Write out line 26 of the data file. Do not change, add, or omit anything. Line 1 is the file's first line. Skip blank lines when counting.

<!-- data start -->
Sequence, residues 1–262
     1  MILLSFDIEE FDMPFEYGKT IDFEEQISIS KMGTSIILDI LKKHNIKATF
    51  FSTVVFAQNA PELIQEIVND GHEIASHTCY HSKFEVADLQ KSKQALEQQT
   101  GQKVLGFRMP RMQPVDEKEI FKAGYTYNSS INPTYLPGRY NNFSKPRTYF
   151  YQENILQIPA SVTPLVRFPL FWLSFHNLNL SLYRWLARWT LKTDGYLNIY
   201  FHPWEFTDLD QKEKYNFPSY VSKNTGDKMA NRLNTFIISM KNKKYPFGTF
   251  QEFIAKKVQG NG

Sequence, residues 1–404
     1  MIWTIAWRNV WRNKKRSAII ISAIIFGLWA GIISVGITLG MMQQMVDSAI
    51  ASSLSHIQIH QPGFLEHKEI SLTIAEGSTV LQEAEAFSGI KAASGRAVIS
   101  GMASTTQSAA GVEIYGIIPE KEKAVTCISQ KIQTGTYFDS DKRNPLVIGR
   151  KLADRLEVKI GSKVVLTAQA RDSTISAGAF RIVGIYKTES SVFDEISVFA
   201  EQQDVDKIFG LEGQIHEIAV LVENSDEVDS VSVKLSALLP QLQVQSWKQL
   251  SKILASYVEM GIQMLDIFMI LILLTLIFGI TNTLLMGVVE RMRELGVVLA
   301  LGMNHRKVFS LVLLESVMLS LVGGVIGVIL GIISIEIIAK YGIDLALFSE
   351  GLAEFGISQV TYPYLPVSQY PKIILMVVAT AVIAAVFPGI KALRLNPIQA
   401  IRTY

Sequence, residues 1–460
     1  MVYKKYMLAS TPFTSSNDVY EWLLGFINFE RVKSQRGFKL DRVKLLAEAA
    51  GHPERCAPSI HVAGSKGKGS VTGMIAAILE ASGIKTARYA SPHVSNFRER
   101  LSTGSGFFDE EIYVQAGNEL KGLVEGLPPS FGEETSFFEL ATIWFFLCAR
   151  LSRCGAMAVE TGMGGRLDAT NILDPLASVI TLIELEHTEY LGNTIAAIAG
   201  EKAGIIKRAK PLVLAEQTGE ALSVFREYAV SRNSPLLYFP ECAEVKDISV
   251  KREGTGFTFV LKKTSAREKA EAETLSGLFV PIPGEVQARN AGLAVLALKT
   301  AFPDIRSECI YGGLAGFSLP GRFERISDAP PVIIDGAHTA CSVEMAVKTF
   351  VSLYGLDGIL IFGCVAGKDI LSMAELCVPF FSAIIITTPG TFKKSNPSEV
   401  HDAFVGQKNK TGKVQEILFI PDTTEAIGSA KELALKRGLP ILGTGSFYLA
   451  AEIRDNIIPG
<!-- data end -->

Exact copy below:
   351  VSLYGLDGIL IFGCVAGKDI LSMAELCVPF FSAIIITTPG TFKKSNPSEV